Last Friday, I fell while getting out of the shower, hit the hard tile floor with enough force to cause a seismic reaction, and damaged my ego and my well-worn body in less than two seconds. I hollered from the pain. The scene duplicated the well-known commercial of the woman who has fallen and can’t get up, except I didn’t have a camera crew to rescue me. I was alone, couldn’t reach my cell phone, and my husband was out of town on business and wouldn’t be home for eight hours. So, I laid on the floor, naked, wet, and shivering in agony, and thought of what I should do.
My first reaction was to assess the damage. When I moved, sharp pain tore through my left hip, rolled like hot barbed wire down my leg, and exploded through my knee like dancing devils – the same knee that endured surgery six years ago. My second reaction was to curse my foolishness. We had sold our house, and I had spent a month moving boxes, carrying items from upstairs in the former house, and loading and unloading heavy, bulky stuff. My legs were weak, but on Friday I was in a hurry to deliver the keys and garage door openers to the new owners. I dashed out of the shower and into a painful change of plans.
For the next thirty minutes on the floor, my mind wandered to various topics.
I don’t fear death. I subscribe to the Death with Dignity organization in Oregon. I witnessed the painful deaths of my family members who suffered from long illnesses, dementia, and cancer. If I can’t remember my children’s names or if I’m diagnosed with a fatal illness, I’m not opposed to having a party and a pill. However, I hope to die like my Grandma Ambrose. She was 92 and sitting in her favorite chair working a crossword puzzle when she passed from a sudden heart attack. That scenario contains more dignity than dying naked and alone on the bathroom floor of a rented house.
I’m grateful for a splendid life with only a few broken bones and jagged daggers in my back. I’ve lived more years than my father and both brothers. Letters on my license plate are an abbreviation of “Carpe Diem” for “Seize the Day.” I’m still seizing, although a bit slower.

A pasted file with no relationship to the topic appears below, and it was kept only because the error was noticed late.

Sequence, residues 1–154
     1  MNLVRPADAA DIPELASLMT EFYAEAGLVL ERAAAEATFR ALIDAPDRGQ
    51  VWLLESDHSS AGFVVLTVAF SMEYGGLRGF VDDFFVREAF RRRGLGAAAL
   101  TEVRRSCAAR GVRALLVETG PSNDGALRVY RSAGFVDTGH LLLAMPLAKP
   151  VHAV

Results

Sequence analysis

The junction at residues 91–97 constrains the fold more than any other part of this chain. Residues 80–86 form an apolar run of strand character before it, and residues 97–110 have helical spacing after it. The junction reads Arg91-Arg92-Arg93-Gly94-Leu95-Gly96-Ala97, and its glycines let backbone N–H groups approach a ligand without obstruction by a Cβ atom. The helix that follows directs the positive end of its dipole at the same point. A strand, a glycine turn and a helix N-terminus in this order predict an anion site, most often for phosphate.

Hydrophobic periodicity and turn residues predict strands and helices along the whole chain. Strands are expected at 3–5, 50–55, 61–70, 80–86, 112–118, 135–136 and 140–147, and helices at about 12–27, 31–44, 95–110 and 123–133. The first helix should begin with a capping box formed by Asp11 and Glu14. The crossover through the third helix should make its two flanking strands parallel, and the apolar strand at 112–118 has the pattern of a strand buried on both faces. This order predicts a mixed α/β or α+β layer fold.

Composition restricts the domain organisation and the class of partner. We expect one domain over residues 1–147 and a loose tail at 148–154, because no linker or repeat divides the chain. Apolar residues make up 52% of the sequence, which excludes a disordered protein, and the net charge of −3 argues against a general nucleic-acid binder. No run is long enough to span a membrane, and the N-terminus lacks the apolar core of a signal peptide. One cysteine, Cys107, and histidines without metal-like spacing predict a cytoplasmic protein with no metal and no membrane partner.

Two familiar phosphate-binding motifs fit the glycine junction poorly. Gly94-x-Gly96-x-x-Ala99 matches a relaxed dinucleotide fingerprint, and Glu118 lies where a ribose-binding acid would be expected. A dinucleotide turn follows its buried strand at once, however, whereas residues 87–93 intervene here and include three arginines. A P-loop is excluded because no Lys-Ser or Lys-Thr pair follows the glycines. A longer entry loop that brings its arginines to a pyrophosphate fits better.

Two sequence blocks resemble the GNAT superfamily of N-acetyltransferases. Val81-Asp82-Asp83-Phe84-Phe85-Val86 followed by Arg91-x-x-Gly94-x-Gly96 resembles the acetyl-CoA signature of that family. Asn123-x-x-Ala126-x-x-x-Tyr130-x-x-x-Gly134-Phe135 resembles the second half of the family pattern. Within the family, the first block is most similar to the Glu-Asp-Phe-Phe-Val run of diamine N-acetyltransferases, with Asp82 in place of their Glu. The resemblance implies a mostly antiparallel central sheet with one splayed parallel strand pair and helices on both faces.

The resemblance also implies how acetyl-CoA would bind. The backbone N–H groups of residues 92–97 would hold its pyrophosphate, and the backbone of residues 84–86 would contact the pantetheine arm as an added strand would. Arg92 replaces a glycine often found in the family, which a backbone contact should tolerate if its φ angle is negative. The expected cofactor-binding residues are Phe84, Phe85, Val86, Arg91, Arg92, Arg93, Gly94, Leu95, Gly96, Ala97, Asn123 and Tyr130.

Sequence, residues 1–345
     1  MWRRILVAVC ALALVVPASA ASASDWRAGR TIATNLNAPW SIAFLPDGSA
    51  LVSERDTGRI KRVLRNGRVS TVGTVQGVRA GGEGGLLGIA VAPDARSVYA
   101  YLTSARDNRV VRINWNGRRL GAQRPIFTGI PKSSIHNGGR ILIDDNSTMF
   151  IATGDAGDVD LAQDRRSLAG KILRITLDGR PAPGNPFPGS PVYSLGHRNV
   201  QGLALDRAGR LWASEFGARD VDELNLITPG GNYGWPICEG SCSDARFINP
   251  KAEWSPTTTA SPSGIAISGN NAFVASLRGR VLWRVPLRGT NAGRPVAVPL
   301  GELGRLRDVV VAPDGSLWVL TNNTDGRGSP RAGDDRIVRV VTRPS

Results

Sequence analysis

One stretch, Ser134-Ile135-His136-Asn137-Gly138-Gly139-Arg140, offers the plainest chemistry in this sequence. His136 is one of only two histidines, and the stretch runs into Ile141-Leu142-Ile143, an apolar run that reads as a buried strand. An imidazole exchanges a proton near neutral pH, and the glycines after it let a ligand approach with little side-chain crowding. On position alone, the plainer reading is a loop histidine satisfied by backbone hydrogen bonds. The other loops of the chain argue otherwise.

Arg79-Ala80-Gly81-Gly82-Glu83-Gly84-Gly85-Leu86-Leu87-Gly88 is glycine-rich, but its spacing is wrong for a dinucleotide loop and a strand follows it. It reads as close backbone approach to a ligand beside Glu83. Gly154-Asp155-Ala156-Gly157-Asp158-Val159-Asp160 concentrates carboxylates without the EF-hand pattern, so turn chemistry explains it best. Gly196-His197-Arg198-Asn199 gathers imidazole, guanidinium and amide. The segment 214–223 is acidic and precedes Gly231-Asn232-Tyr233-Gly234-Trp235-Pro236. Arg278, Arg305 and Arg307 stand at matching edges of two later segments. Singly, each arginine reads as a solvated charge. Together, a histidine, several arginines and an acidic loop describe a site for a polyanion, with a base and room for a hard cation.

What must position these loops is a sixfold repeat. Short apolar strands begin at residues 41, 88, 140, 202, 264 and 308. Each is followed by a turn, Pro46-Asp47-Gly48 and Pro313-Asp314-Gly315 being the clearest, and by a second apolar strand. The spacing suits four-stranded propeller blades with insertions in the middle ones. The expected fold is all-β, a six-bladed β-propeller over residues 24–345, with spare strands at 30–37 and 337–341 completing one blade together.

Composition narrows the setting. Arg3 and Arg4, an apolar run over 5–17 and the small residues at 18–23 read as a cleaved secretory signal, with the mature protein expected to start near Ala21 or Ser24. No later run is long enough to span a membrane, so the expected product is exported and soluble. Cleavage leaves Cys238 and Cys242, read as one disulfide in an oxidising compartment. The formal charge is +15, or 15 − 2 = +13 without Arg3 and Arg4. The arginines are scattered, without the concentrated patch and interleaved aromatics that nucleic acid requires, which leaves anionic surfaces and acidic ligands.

If I didn’t own so much crap, I wouldn’t need to move it, and it wouldn’t hurt my legs and back. The rental house we moved into is 60% smaller than the house we sold, so I donated furniture and other items, gave away family possessions, put furniture on consignment, and hauled countless bags of garbage to the dump. Still, I’ve filled a double garage with stuff. As I laid on the floor, I vowed, if I survived, to continue the purge.
I was helpless, and I didn’t like that reality. There’s something humbling about being a chubby, naked, older, injured woman alone on the floor. It wasn’t my best look. So, while admitting I needed help, I opted for the only available choice: I prayed. I asked God to help me because I have faith in the power of prayer. I knew my guardian angels were weary and wanted to fly away to live on a tropical island, but I asked for them to give me strength. Slowly, I managed to sit up. I couldn’t move on the left side, but I could scoot on my right hip and pull myself with my arms. I moved into the closet to find clothes. It took an hour to get dressed, but I felt like an Olympic champion.
I pulled myself to the counter and used a clothes hanger to reach my cell phone to call 911. I wanted to make it easy for paramedics, so I scooted to the front door and unlocked it. I held my purse with my driver’s license and medical cards and waited on the floor. The ambulance arrived and the paramedics examined my leg. After a lengthy evaluation, I decided to stay home. Waiting for hours in an emergency room on a Friday was not an attractive option. They wheeled my office chair to the hallway, helped me sit, and drove away. In hindsight, I joked too much so they probably didn’t take me seriously.
Over the weekend, I remained in my office chair with an ice machine hooked to my knee and tried to get an appointment with my doctor. My husband made meals and cleaned the dishes, which was a great way to offset the pain. By Monday, the pain was stronger. I called and used my outside voice to demand to see my doctor. I drove myself to the appointment, struggled on crutches to get into the office, and received the first set of Xrays. My doctor arranged for an MRI, and the images revealed torn ligaments behind my knee, soft tissue injury in my leg, and damage to the gluteus medius muscle underneath my left buttock. The doctor said to rest for several weeks, ice the leg, and wait for the pending surgery (again) on my knee. I usually don’t follow orders, but I agreed.
We had scheduled a week’s vacation starting March 11 in Scottsdale, Arizona with my son, his wife, and their darling daughter. Plans included golfing, going to the Zoo, enjoying fine dining, and relaxing in the cocktail pool of the rented house. Now, they’ll have the house to themselves, and I’ll toast them from my office chair.
There are several lessons to be learned from this latest episode of my crazy life. Slow down. Focus on strength and good health. Eliminate clutter. Ask for help. Allow a cute guy to make dinner. And, pray. On a positive note, now I have time to finish my next humorous book for women. Ironically, it’s titled Midlife Reboot – Humorous Stories of Rest, Resilience, and Renewal.”